A press release announces the creation of a Counterfeit Crimes Unit that “will investigate cases where a bad actor has attempted to evade Amazon’s systems and listed a counterfeit in violation of Amazon’s policies.” The process still sounds data focused — the unit “will mine Amazon’s data, cull information from external resources such as payment service providers and open source intelligence, and leverage on-the-ground assets to connect the dots between targets.” It will also help the company “more effectively pursue civil litigation against bad actors, work with brands in joint or independent investigations, and aid law enforcement officials worldwide in criminal actions against counterfeiters.”

CNBC provides the detail that the CCU team will be “made up of former federal prosecutors, investigators and data analysts”. One just hopes there’ll be enough of them to cope with the problem. I guess these internet companies can feel the tide turning on our hands-off treatment of big online companies. Google has removed the injunction “Do no evil” from its code of conduct, which doesn’t of course mean we have to look out for evil from that quarter, but does suggest that the early optimistic idealism has seeped away. Regulation looms for all these big guys, and beating the starting gun with some self-regulation of your own is obviously a good ploy.

The names of places in Britain carry historical information. Your hometown ends in -wich or -chester — clearly a Roman place; -ham, or -ton — cherchez les Anglo-Saxons. If it’s -by or -thorpe — keep your head down, the Vikings are coming. Knowing that West Chester, Pennsylvania was obviously a fortified site in Roman times provides you with valuable insights into migration patterns. Or not, of course.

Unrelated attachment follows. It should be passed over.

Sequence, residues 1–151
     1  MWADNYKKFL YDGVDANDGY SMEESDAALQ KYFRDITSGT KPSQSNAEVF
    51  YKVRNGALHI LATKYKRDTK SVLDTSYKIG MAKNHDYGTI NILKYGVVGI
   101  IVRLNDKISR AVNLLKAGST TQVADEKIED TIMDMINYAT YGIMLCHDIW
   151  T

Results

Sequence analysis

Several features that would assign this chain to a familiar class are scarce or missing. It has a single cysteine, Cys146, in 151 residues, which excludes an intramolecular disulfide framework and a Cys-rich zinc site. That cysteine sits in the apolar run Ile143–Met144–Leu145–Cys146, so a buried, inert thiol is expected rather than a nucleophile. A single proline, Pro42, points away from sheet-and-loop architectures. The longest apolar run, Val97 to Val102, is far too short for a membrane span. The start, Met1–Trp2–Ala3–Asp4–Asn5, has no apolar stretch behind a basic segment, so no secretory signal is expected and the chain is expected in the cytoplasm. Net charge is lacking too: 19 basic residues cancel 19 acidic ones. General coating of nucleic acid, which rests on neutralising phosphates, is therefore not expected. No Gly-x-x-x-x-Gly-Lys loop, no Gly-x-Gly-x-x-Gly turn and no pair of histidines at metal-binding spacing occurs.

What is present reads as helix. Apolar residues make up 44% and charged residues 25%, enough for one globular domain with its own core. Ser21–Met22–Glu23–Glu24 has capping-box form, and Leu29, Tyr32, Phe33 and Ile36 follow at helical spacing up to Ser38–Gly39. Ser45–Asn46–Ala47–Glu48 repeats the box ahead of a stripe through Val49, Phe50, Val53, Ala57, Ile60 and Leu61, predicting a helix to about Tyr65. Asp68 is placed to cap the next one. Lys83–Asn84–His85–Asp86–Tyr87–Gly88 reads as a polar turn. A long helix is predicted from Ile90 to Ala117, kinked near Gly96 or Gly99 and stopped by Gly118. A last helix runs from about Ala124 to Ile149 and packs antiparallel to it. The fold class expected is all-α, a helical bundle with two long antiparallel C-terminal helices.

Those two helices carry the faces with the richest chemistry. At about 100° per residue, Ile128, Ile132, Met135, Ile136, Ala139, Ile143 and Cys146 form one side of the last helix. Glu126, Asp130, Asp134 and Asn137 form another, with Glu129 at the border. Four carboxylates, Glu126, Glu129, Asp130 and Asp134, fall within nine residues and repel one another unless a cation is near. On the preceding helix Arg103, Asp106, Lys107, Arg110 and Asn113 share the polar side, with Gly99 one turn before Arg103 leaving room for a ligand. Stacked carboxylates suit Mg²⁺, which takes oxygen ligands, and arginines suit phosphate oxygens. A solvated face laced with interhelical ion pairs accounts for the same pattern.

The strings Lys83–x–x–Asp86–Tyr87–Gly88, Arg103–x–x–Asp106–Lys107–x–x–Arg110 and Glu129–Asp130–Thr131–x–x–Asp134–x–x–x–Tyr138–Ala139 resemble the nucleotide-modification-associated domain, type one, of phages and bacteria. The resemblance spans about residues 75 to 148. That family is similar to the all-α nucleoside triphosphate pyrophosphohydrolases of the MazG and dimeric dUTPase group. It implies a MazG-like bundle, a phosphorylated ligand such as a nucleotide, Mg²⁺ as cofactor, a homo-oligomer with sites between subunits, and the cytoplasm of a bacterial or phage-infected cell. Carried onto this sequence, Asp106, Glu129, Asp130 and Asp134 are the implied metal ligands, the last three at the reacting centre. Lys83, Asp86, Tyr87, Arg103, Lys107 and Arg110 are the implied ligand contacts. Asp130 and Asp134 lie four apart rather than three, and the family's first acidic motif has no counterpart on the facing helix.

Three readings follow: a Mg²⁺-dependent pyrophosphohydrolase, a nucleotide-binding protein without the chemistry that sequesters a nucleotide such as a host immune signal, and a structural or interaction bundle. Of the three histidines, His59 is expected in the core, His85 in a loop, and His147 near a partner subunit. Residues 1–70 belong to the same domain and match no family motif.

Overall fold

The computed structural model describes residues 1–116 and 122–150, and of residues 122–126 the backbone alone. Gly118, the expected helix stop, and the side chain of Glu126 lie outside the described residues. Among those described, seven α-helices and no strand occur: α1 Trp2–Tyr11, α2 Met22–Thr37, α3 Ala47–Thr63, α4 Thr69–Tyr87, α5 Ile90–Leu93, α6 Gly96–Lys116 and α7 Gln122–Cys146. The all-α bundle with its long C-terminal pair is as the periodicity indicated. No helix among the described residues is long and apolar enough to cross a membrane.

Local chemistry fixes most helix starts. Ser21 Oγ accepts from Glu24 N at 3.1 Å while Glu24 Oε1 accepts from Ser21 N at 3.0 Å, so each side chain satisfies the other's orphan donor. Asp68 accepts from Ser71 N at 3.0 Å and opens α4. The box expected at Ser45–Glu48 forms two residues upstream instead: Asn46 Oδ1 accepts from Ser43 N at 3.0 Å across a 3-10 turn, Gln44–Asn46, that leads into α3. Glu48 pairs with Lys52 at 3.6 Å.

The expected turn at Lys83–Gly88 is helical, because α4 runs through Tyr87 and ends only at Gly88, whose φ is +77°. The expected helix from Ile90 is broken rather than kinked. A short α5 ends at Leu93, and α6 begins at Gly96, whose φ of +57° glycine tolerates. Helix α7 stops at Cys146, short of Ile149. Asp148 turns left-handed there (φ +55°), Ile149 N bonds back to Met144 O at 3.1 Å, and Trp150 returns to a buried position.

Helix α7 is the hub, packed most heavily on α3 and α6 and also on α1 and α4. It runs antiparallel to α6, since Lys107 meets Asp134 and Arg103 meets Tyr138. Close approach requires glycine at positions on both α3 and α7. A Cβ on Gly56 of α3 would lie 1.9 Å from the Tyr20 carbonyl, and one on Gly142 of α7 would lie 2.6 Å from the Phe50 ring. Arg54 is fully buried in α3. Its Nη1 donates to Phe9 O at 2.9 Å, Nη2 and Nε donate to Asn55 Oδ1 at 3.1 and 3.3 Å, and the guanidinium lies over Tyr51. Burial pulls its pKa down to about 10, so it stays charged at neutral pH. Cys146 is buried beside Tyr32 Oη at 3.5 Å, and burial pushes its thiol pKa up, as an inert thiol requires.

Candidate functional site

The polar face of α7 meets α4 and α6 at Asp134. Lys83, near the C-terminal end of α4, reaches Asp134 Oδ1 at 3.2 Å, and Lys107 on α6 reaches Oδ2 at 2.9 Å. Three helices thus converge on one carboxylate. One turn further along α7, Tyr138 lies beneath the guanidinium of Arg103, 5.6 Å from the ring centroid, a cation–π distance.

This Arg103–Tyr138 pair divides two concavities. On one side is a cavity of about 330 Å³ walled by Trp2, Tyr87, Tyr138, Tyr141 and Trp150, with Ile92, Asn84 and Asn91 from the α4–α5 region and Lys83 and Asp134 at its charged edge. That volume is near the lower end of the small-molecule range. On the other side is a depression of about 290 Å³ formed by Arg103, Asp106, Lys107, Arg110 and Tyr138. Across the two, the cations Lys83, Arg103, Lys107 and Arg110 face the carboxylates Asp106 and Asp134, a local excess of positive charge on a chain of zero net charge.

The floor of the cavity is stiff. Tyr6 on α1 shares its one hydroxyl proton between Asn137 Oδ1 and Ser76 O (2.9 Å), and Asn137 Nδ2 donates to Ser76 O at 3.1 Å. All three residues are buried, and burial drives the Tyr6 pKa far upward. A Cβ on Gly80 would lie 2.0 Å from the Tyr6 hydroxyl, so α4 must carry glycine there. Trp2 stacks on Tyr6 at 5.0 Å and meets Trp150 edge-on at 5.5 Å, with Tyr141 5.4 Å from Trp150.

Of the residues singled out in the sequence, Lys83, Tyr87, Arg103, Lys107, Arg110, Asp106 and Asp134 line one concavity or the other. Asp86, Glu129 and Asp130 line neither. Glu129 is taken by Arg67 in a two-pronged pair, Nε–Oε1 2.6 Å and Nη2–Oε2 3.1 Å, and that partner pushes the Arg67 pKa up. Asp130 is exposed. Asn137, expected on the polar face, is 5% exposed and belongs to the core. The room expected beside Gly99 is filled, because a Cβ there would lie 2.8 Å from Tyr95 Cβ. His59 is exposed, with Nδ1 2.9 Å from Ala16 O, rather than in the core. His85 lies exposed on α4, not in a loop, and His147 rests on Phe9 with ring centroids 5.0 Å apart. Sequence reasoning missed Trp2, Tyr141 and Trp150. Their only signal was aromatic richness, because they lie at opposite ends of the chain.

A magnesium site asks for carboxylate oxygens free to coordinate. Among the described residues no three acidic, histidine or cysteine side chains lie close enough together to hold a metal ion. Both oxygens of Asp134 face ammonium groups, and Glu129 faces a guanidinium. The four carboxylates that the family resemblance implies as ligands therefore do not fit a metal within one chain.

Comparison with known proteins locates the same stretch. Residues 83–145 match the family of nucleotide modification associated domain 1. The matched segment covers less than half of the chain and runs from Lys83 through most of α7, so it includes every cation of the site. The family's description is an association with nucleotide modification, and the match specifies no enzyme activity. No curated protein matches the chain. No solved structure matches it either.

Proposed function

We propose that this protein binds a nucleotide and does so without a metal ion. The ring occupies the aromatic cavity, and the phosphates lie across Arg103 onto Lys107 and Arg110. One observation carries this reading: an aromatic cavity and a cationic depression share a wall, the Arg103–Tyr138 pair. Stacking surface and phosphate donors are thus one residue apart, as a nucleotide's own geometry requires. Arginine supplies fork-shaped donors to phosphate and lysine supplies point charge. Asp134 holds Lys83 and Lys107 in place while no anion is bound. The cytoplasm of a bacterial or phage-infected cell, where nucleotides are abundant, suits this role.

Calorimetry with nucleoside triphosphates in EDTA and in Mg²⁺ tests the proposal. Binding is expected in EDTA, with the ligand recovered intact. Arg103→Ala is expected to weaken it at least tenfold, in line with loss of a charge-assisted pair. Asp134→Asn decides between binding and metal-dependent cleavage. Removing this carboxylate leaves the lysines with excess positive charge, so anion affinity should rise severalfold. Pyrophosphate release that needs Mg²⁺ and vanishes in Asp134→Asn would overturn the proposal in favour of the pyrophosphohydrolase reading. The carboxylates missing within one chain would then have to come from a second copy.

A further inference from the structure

When I was there, Cambridge University Press would publish books for The English Place-Name Society. These were always, to me, potentially fascinating if ultimately unreadable books. They were pale blue hardbacks, clearly destined for library shelves.

Now that everything can be found online at all levels of seriousness, the Society, based at the University of Nottingham, has taken over responsibility for their publications.

They tell us on their website “Before the Second World War, the Survey was largely limited to coverage of ‘major’ place-names, the names of towns, villages, larger rivers, forests, etc. From the 1950s onwards rich collections of minor names, field-names and street-names have also been included. (Major names are also nowadays given a very much fuller treatment than in the early years.) This detailed material provides an excellent resource for local investigators, social, urban and agricultural historians of the medieval and early modern periods, linguists, geographers and archaeologists. The growing scale of coverage, however, has inevitably slowed down the country-wide progress of the Survey, and counties are nowadays covered by multiple volumes. This accounts for the current partial coverage of some counties.”